William F. O'Brien
Special to The Sun
OKLA. CITY —
In Greek mythology Cadmus was a prince who planted the teeth of a dragon that he had slain and an army of ferocious warriors who tried to kill him arose from where those teeth had been sown. And it is possible that the U.S. government in effect sowed dragon teeth in Iran decades ago.
In the Academy Award winning film “Argo” it is explained that in 1953 the American Central Intelligence Agency sponsored a coup in Iran that removed the government of Mohammed Mossadeq from power and replaced him with Shah Mohammad Reza Pahlavi. The recently published “The Coup” by historian Ervand Abrahamian tells the story of that coup and the events that led up to it.
Mossadeq was the elected premier of Iran and in 1951 had nationalized the oil fields in that country that had been owned by British-owned Iranian Anglo Oil Company. That firm had controlled much of Iranian oil production for decades, and had not paid the Iranians much for the oil they produced there. Mossadeq believed that Iran should control its own natural resources and his nationalization plan called for compensation for Anglo Iranian. The nationalization was approved by the vast majority of the Iranian people, and Mossadeq enjoyed wide popular support as a result.
But as Abrahmian documents, the British and the Americans feared that his actions could result is similar actions in other oil-producing states in the Middle East, and the American CIA and its British counterpart MI6 decided to take action to remove Mossadeq from power. Under Mossadeq, the Shah was a constitutional monarch who did not exercise any political power. But British and American operatives convinced Pahlavi that if Mossadeq was removed from power that he could rule as well as reign. Iranian military officers working under the direction of British and American agents based in the American Embassy in Tehran began the coup on Aug. 22, 1953. The British Embassy had been closed after the nationalization of the Anglo Iranian Oil Company. When the coup appeared to be failing the Shah fled to Beirut, Lebanon. But after Mossadeq was arrested by officers involved in the coup the Shah returned to Iran and issued an order dismissing Mossadeq’s government.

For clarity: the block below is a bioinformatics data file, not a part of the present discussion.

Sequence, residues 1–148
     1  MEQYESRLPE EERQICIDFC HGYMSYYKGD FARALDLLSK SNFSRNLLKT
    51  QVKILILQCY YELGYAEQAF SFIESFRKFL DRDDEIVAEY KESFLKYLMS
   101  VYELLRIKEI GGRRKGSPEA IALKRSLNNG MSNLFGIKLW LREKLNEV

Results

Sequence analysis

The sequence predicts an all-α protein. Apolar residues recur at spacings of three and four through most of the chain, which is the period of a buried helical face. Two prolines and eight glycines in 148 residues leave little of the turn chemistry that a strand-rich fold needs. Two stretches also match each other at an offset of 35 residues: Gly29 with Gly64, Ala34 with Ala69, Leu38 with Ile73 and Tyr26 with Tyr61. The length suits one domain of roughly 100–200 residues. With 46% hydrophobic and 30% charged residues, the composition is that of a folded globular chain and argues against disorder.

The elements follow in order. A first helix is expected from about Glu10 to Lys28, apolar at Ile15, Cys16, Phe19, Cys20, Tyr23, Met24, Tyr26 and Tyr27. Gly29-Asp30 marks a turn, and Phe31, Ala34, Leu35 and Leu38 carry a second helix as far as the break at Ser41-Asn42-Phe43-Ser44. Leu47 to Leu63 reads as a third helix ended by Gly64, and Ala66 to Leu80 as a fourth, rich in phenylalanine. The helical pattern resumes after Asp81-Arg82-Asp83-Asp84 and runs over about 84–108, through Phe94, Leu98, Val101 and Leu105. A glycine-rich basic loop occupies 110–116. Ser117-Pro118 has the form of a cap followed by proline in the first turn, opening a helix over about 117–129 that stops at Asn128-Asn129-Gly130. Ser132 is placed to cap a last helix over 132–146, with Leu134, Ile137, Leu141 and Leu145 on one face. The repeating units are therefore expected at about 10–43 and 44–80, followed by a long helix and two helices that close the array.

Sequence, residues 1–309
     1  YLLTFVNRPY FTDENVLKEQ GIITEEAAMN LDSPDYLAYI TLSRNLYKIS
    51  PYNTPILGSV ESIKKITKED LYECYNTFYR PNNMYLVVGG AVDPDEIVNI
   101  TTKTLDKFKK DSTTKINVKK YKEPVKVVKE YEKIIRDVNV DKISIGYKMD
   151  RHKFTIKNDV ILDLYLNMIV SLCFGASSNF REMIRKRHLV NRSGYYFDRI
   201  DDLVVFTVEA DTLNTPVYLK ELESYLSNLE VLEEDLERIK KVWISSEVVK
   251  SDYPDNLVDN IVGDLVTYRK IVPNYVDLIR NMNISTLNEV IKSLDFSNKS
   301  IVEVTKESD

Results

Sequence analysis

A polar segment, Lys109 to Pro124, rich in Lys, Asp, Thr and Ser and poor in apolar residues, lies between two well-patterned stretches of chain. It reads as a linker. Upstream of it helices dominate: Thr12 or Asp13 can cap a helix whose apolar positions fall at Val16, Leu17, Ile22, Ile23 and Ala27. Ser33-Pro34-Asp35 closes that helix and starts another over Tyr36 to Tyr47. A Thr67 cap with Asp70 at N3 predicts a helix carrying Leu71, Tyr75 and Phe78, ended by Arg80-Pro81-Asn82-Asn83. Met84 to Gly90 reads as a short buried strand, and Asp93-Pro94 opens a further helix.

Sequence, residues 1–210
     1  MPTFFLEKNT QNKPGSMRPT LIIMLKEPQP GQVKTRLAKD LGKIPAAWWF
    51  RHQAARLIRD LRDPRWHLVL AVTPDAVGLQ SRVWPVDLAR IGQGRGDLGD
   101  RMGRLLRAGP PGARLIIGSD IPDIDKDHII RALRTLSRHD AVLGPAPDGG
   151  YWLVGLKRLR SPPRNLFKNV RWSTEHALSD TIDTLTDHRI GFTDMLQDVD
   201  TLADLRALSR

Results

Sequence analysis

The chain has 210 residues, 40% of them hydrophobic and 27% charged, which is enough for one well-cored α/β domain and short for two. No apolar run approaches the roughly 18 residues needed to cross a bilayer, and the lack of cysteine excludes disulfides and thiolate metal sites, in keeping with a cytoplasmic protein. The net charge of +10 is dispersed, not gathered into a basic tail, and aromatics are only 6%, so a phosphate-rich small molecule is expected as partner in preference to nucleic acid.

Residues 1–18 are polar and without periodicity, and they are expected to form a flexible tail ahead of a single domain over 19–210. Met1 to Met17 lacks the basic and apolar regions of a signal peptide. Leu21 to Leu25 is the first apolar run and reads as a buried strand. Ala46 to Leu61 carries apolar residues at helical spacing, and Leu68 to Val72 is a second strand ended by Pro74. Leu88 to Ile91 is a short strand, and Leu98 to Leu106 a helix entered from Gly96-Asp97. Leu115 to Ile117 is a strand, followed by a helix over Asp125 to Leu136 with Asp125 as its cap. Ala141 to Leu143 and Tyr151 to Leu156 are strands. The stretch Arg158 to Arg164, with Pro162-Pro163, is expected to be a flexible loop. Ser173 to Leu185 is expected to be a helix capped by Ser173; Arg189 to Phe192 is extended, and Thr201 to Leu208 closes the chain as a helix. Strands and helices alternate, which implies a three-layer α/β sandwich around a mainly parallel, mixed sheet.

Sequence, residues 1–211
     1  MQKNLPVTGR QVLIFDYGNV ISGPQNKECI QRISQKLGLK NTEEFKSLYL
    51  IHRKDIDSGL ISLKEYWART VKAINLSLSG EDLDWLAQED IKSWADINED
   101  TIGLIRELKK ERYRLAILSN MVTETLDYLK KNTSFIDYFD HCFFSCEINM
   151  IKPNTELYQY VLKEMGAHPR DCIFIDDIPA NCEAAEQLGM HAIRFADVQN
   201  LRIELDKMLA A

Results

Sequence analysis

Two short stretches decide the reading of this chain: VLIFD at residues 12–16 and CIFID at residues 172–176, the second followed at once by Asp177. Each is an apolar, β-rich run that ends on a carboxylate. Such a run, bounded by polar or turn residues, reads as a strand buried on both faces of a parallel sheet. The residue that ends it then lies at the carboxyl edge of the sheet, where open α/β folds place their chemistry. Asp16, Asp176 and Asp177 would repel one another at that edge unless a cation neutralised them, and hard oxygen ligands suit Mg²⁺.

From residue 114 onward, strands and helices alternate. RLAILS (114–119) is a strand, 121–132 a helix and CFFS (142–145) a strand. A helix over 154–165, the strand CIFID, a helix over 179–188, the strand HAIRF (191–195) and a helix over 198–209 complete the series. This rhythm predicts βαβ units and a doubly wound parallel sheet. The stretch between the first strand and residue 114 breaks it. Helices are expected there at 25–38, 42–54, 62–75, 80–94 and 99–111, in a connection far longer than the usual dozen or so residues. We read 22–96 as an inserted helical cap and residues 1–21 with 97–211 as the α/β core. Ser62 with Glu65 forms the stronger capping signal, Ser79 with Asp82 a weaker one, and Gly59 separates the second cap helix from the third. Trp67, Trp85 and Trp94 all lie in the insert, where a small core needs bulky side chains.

Pahlavi subsequently issued another order that reversed the nationalization of the Anglo Iranian Oil Company. Mossadeq was later put on trial and spent the rest of his life under house arrest. The Shah remained a loyal ally of the U.S. and did its bidding in the Middle East until he was ousted by the revolution that occurred in 1979. The seeming success of the coup resulted in the CIA orchestrating similar regime changes against foreign governments deemed hostile to U.S. interests including the regime of Salvador Allende in Chile in 1973. But Abrahamian documents that a suspicion of the U.S. and its intentions became part of the Iranian mind set as a result of Mossadeq’s ouster.
He also reminds us that in 1979, Ayatollah Khomeini’s subordinates ordered a group of young Iranians to storm the American Embassy because they believed that another coup was being planned there. That event resulted in the American diplomats and Marines stationed there being held hostage for 444 days. Since the founding of the Islamic Republic in Iran, any form of internal protest against it is deemed by the Ayatollahs to be the work of those who are working for the CIA. And when 100,000 Iranians gathered at Tehran University in 1980 on the anniversary of Mossadeq’s death and demanded more freedom, Ayatollah Khamenie, who would later succeed Khomeini, responded by saying “We are not liberals, like Allende, willing to be snuffed out by the CIA.”
One wonders if it was really in the long-term interests of the U.S. for the CIA to have staged a coup in Iran in 1953.
WILLIAM F. O’BRIEN is an Oklahoma City attorney.